How to Rank #1 in Google
Person A: Where to place a dead body?
Person B: Hide it in Google’s second page!
This is a famous joke among digital marketers. As the joke mirrors the reality internet users are not patient enough to check through Google’s second page for information. Therefore, one of the biggest battles among brands is to solidify their status on the first page of Google’s search results.
Identify a Niche and Optimise Keywords Accordingly
Do not try to target too many different keywords at one time. Instead, pick a niche and build your Search Engine Optimisation (SEO) strategy around the keywords of that niche.
After the identification of a niche, you must know how to strategically incorporate your website with keywords. Use your keywords in a carefully measured strategy so they do not backfire due to overuse. So where to add your keywords?
- In your URL, always try to check if it is possible to append a keyword. For example, if your business sells hotdogs, then one of your web-pages can be www.abcfood.com/best-hotdogs-in-london.
- In your front-end code, make sure that your title tags consist of keywords.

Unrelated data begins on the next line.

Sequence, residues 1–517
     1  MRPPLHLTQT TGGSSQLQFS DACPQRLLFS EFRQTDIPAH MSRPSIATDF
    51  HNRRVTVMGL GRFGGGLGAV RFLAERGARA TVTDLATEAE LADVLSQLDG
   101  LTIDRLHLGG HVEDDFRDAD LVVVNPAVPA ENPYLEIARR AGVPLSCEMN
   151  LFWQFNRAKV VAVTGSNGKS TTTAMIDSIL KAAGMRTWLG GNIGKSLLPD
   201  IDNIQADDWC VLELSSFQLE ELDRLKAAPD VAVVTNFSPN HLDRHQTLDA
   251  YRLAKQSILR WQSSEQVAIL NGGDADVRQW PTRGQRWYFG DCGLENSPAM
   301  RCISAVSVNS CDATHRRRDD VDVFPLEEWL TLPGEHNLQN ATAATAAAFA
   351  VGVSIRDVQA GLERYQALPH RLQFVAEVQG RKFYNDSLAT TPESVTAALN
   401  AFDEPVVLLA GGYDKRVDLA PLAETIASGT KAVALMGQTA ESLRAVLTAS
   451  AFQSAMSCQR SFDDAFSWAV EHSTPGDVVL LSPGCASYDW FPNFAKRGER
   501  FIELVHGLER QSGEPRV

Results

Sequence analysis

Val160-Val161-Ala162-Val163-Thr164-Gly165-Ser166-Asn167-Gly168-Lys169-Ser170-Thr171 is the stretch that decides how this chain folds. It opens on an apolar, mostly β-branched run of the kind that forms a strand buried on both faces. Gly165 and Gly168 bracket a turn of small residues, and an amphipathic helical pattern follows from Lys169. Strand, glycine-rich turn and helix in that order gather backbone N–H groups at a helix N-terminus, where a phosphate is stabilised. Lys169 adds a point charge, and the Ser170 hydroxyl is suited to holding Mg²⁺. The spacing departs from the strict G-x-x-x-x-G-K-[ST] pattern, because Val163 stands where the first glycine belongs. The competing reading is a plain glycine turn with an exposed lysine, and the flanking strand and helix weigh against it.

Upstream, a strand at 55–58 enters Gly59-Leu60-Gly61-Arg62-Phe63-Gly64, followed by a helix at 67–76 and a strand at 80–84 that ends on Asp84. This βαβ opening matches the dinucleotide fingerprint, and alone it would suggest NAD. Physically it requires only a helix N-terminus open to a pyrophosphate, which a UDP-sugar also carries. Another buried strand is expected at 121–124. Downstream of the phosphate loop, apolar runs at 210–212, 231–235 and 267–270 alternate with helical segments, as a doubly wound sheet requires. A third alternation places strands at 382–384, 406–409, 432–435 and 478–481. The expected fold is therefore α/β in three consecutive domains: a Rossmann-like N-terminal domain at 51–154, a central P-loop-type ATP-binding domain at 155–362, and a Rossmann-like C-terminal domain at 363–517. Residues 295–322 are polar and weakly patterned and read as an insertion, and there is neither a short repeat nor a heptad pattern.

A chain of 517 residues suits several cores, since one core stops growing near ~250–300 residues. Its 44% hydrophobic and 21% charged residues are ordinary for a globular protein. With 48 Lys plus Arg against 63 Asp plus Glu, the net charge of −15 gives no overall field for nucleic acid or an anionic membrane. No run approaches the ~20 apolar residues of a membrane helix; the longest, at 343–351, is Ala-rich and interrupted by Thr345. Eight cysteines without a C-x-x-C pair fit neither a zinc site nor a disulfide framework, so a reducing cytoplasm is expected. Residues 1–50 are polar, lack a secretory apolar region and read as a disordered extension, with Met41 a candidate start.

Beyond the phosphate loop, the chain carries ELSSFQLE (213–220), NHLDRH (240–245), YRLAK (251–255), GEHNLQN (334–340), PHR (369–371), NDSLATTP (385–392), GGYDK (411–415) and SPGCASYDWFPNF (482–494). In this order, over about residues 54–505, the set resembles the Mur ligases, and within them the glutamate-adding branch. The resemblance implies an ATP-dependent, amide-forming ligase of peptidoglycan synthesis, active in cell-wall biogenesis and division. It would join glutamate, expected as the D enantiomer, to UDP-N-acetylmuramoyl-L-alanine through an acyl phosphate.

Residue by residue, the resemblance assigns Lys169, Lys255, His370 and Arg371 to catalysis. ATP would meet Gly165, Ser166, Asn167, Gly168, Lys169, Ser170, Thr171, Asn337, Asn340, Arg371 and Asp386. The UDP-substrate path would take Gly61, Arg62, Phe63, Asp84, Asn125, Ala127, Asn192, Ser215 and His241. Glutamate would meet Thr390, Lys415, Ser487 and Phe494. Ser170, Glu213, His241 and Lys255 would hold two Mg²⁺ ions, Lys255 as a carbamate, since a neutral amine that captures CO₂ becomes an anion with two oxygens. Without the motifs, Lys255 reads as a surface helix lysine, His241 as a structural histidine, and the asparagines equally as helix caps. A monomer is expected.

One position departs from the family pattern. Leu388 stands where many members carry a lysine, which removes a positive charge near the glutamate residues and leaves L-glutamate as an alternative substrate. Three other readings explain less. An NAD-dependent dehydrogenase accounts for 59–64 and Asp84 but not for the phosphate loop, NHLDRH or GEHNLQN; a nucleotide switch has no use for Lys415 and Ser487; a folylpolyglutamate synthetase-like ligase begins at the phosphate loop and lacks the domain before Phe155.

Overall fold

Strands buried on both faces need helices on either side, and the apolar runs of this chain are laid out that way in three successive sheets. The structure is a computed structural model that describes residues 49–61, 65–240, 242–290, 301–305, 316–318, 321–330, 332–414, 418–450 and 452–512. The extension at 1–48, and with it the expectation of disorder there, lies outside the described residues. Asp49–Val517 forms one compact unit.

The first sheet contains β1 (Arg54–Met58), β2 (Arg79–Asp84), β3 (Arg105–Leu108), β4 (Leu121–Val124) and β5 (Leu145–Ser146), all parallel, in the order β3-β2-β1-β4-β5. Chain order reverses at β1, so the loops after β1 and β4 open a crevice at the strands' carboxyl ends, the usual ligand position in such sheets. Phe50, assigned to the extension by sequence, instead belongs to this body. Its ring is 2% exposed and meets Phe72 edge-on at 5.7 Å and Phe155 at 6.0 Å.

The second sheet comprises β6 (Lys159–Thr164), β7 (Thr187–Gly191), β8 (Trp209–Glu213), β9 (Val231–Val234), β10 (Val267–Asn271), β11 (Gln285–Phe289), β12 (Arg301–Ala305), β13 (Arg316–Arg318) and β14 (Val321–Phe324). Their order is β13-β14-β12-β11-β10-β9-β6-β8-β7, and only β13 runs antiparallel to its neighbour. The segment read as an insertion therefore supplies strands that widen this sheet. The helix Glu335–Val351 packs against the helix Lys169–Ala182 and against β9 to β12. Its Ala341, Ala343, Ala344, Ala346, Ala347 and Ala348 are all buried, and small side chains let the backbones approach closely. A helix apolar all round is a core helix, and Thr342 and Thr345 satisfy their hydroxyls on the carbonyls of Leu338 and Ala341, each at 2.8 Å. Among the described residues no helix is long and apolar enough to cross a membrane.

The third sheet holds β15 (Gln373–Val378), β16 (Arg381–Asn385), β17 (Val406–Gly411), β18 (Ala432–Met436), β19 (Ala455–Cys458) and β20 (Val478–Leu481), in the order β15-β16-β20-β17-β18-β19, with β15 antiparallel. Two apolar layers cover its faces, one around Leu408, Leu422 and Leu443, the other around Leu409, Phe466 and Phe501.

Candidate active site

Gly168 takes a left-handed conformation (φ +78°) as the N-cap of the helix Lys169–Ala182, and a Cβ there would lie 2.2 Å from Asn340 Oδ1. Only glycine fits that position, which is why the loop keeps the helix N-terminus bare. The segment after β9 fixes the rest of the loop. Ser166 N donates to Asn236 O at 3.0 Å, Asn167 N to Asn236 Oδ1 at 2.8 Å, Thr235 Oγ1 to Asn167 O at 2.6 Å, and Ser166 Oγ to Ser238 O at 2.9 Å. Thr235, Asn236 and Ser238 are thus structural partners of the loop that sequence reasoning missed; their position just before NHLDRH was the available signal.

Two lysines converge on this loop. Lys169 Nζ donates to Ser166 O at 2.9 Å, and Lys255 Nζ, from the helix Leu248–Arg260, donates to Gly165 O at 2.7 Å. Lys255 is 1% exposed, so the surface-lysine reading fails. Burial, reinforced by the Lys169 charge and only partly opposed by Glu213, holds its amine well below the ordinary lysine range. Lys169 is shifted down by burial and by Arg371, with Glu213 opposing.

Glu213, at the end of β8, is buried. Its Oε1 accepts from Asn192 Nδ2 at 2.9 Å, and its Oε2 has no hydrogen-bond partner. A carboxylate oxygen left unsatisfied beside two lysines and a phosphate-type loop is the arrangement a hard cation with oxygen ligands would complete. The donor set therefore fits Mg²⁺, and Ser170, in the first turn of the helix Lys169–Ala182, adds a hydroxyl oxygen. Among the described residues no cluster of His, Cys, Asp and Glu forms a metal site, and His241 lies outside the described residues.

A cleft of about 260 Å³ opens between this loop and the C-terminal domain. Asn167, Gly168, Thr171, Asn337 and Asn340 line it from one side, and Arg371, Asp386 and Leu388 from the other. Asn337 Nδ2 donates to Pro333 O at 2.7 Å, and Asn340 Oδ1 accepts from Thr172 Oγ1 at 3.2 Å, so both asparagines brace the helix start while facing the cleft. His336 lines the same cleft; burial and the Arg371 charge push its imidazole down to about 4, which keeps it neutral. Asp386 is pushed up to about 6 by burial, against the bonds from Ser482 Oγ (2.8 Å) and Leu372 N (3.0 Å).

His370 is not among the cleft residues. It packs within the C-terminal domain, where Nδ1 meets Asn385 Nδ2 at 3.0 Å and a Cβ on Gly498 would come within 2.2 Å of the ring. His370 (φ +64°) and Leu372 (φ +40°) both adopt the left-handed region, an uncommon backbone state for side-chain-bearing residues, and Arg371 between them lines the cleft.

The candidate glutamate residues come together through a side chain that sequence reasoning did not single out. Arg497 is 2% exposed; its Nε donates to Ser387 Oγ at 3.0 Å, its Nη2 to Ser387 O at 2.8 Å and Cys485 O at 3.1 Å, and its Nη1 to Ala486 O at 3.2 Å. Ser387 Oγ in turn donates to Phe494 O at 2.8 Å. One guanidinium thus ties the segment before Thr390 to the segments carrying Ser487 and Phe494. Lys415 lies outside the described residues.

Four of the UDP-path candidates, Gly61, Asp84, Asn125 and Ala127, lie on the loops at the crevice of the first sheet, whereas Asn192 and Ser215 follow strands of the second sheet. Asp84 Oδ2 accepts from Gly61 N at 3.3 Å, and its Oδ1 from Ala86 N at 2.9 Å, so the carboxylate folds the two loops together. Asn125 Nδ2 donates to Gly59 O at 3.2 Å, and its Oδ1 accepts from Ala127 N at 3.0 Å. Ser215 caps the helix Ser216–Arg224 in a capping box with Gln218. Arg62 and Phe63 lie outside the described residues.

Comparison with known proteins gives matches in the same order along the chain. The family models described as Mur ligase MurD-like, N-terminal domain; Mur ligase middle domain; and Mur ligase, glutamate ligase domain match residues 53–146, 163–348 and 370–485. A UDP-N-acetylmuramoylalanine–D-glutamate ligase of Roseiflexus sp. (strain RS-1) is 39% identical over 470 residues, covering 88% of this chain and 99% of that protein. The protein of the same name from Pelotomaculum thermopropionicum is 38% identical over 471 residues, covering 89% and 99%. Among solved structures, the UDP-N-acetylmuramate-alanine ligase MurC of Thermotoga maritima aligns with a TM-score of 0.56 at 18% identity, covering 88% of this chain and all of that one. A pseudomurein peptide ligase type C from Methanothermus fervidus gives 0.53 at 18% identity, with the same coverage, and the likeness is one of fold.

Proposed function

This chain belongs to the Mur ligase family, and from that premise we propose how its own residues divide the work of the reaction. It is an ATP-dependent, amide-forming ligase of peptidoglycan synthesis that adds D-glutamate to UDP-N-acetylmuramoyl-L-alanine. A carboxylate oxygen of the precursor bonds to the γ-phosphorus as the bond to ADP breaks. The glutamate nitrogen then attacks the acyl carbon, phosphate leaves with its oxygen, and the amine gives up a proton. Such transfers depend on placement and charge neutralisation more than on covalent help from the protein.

- In the headings of your website, i.e. h1, h2, or h3.
- For images, make sure to add the alt image tag as it provides a text for un-loadable images. In this alt tag, look for any opportunity to place a keyword. Similarly, for the caption of images, include suitable keywords.
- Read all the text of your website. Wherever possible, try to add a relevant keyword.
Use Long-Tail Keywords
Do you know what a long-tail keyword is? A long-tail keyword is one which extends to three or more words. For example, a basic head keyword for a business that sells clothing items can be “shirts”. Conversely, for a long-tail keyword, the business may have “dark blue cotton shirts”. At the first glance, they may seem irrelevant but these types of keywords capture around 70% of the user queries on the search engine.
Similarly, they are responsible for converting more than 35% of leads into a loyal client. As a real life example, consider the e-commerce giant: Amazon. Amazon is reported to generate around 57% of its sales with the help of long-tail keywords.
Rely on an Influx of Content
While figuring out the placement of long-tail keywords, you’ll realise that it is not easy to stuff them in your web-pages. So what to do in such a case? Well, you should consider targeting two long-tail keywords at max for a post. This means that your website content has to expand and increase.
Therefore, you have to write and create more pages and get them indexed so your long-tail keyword strategy is adequately supported. Depending upon your industry, writing one post per week is not going to win you traffic. You have to write more than 20 posts each month. However, you have to also adjust the word count. Statistically, 2000-word posts are likely to rank higher on Google in comparison to 300 or 500-word articles.